Mardie a 100‐year sustainable opportunity: BCI Minerals

BCI Minerals managing director Alwyn Vorster and WA Premier Mark McGowan.

BCI Minerals’ Mardie Salt and Potash project will provide jobs for approximately 500 workers during construction of the world‐scale project south of Karratha in Western Australia.

Mardie will produce over five million tonnes per annum (Mtpa) of salt and is slated to be the first salt operation in Australia producing high-value sulphate of potash (SOP) fertiliser as a by‐product.

The project will have an operational workforce of 200 and will comprise nine evaporation ponds, salt and SOP crystallisers plus salt washing and SOP process plants. Product will be shipped onto capsize vessels from a 2.4km jetty with a conveyor system.

Western Australian Premier Mark McGowan joined BCI Minerals’ Board, leadership team and stakeholders at the Pilbara project site recently as construction of the site was officially launched.

According to the company, Mardie is forecast to contribute approximately $4 billion of Gross Regional Product to northern Australia over a minimum 60‐year operating life.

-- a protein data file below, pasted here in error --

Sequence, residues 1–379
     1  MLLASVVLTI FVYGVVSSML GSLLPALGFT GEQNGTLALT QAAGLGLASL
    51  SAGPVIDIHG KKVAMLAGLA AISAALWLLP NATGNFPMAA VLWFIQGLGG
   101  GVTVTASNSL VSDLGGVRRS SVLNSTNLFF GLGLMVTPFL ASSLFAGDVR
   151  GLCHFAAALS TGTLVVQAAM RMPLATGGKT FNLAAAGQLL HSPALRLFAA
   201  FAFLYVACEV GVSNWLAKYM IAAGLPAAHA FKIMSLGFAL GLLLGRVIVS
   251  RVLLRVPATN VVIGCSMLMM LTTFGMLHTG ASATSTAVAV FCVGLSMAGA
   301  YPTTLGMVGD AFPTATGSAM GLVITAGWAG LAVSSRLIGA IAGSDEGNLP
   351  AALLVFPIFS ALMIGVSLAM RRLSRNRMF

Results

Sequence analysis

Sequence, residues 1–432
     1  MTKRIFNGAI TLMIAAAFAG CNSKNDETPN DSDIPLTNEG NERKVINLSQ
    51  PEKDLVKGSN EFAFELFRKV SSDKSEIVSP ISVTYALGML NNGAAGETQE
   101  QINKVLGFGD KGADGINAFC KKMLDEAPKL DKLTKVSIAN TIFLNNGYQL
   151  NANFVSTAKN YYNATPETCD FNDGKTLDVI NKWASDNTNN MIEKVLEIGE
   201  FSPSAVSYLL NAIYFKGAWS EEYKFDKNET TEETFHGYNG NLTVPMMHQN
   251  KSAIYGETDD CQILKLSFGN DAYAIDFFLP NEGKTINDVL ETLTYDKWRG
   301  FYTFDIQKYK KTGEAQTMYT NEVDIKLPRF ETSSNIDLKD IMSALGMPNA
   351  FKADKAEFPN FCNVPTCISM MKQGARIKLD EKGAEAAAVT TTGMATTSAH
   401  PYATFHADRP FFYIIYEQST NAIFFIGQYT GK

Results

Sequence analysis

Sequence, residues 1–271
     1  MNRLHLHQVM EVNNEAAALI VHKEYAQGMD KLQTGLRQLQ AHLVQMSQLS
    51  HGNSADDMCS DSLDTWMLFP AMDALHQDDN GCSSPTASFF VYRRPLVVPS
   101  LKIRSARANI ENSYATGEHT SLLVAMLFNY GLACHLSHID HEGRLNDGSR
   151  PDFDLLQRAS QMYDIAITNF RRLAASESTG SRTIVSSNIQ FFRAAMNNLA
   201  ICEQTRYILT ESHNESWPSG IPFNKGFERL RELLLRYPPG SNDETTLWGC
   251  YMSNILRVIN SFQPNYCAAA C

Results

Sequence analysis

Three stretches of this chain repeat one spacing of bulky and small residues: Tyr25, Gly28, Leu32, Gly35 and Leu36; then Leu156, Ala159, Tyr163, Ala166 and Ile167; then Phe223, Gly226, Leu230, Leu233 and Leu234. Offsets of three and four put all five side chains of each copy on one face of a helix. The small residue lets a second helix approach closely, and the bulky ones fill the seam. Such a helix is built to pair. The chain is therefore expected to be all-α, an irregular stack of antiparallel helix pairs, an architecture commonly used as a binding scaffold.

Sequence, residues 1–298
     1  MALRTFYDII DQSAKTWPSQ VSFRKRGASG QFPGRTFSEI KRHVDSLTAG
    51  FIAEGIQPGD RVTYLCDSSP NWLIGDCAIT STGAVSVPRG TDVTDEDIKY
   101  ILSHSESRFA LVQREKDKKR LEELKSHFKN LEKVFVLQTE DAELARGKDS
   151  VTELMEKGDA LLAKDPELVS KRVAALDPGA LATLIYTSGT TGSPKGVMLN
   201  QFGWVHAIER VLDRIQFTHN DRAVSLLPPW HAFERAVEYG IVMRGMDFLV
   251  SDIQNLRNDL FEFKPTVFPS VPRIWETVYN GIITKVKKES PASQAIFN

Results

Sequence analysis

BCI Minerals managing director Alwyn Vorster said after many years of project derisking, studies and approvals, construction commencement is an exciting milestone on the path of creating Australia’s largest solar salt project that will rank third in scale globally.

“Over the last year, BCI already invested more than $50 million in early works including expanding the village to 200 beds, creating trial ponds and commencing work on the seawater intake infrastructure,” Vorster said.

“Now we are building momentum with full steam construction and it is exciting to see key long lead items such as the seawater pumps arriving at site ready for installation.

“Mardie is a fully integrated operation from seawater intake to ship loader and we will not have to rely on third party infrastructure.”

Vorster said that unlike most resource projects, Mardie will not need ongoing exploration to extend project life.

“The key feedstock is inexhaustible seawater and we have access to an abundant supply of good quality seawater from the Indian Ocean,” he said.

“That, plus the fact that 99 per cent of the required project energy comes from natural sun and wind for evaporation, make Mardie a 100‐year sustainable opportunity.”

Mardie aims to start salt harvesting and processing in 2024, with SOP harvesting and processing to follow in 2025.

Mardie has received Federal Government loan facilities of $600M through the Northern Australia Infrastructure Facility (NAIF) and Export Finance Australia (EFA).

To keep up to date with Australian Mining, subscribe to our free email newsletters delivered straight to your inbox. Click here.